Does/should the majority rule? No! Each individual can do whatever they want and play for the rest of their lives in a closet just to amuse themselves. However if one has the goal of playing for others as an entertainer, then it may be a good idea to have some idea of how your playing is perceived by those you seek to entertain. Once again this can be a matter of fashion and changes over time. I don’t think anyone should feel that they have to follow fashion and hopefully there will always be individuals who are “form breakers” that change fashion or perceptions. This is where honesty and self awareness needs to come to the fore. If you’re “different” and not communicating well or achieving your goals as a player do you “stick to your guns” with an attitude of “I’m great and nobody understands me” or examine your priorities to see what’s most important to you? On the other hand there are real talented individuals who occasionally come along and tweak the way we hear. They are rare, but have in common that lots of people get where they are coming from...their artistry communicates.
 

Jamesmac

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1,872
Yes it's a personal thing, but it has also been a matter of fashion, and still is. For myself I'd like to think that I can control it and use it in the same way a singer does. Anyone remember Maria Muldaur? Wonderful sultry voice but the thing that she had going (that was different) was a vibrato that matched the tempo. Great control and made all the difference. I'd like to be able to consciously use vibrato the same way, but that takes concentration and there's a lot of other stuff going on.

For most of us it's a matter of habits (good or bad). I was taught to play strictly with vibrato, so it's taken a while to be able to turn it off. Personal opinion: I've heard people here with awful vibrato that would benefit from turning it down and gaining control. I've also heard people who have no vibrato who sound dead and need to warm and liven up their sound.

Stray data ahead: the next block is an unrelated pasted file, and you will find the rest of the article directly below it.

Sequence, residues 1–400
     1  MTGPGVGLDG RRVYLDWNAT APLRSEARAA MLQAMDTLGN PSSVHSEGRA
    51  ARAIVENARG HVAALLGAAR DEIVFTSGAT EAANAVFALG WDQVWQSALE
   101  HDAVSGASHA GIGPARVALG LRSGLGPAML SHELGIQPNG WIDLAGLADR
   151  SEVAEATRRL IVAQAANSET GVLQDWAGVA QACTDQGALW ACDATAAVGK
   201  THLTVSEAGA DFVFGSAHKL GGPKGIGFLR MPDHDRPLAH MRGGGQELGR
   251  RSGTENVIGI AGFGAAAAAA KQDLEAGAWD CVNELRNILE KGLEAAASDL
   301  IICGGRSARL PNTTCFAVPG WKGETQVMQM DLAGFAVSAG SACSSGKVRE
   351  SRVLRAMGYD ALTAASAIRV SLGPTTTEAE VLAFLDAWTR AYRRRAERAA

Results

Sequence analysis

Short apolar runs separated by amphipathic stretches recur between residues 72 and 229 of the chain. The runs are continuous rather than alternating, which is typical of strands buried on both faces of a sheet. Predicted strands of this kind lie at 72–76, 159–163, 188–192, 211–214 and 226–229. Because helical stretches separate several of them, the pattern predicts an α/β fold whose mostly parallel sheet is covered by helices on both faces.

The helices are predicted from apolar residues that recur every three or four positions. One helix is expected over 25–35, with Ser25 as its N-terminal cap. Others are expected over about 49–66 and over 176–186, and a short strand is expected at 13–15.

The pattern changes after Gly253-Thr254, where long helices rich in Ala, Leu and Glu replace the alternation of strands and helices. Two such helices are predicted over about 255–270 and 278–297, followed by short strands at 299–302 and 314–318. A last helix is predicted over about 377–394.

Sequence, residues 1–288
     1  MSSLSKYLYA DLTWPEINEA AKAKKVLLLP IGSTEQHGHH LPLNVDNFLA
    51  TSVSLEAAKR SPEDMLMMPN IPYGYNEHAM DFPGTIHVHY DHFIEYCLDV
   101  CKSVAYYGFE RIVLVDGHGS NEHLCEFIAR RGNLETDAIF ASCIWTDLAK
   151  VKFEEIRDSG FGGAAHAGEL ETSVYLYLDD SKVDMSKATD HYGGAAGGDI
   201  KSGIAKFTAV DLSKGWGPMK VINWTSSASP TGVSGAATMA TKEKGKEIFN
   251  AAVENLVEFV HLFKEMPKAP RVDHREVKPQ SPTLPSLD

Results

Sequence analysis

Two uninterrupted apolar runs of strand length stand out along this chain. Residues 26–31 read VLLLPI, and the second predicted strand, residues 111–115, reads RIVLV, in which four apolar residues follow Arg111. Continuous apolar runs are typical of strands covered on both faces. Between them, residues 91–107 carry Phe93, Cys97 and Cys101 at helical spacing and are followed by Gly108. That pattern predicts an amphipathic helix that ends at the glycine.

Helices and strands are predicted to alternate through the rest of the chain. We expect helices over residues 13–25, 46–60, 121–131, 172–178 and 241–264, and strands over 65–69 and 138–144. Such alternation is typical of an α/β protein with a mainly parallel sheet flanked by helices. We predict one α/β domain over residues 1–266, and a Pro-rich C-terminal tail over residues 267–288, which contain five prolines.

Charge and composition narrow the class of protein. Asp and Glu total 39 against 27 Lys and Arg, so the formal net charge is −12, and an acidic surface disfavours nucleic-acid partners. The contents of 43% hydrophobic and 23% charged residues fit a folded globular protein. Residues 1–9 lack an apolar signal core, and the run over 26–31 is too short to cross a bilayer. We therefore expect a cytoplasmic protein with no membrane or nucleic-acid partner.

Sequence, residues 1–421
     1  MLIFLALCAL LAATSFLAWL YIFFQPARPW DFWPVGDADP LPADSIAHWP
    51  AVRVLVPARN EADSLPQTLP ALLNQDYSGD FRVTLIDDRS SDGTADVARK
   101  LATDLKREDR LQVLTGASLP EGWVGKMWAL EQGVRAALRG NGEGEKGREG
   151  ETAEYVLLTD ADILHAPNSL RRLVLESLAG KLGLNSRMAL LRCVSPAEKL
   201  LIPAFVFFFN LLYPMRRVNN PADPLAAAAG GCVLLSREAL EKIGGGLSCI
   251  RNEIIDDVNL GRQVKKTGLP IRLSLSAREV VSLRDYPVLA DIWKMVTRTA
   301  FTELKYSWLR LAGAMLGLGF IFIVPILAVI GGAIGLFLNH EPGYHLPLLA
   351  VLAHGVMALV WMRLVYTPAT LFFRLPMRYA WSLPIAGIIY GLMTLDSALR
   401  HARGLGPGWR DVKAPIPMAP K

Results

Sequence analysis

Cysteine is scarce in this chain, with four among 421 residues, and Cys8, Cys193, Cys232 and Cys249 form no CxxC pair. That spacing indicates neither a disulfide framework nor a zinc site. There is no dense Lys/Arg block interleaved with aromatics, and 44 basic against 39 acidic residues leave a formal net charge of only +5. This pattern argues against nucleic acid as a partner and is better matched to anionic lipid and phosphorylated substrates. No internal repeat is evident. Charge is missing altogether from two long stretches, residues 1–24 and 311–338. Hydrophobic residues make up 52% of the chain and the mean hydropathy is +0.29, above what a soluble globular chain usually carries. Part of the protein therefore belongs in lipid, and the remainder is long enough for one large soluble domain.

It's a tool that can be used appropriately or misused. I don't think that there are any strict rules that one could apply, but I also think it’s best when used in a way where it's part of the communication of the music being played and not necessarily noticed.

The same is true for lots of other devices we use in playing e.g. growls, slurs/slides, false notes, altissimo, etc. Each of these is best heard as part of the context and communication of the music and not as a stand out gimmicks that distract. I think the majority can hear when any of these, including vibrato is overdone.

Does/should the majority rule? No! Each individual can do whatever they want and play for the rest of their lives in a closet just to amuse themselves. However if one has the goal of playing for others as an entertainer, then it may be a good idea to have some idea of how your playing is perceived by those you seek to entertain. Once again this can be a matter of fashion and changes over time. I don’t think anyone should feel that they have to follow fashion and hopefully there will always be individuals who are “form breakers” that change fashion or perceptions. This is where honesty and self awareness needs to come to the fore. If you’re “different” and not communicating well or achieving your goals as a player do you “stick to your guns” with an attitude of “I’m great and nobody understands me” or examine your priorities to see what’s most important to you? On the other hand there are real talented individuals who occasionally come along and tweak the way we hear. They are rare, but have in common that lots of people get where they are coming from...their artistry communicates.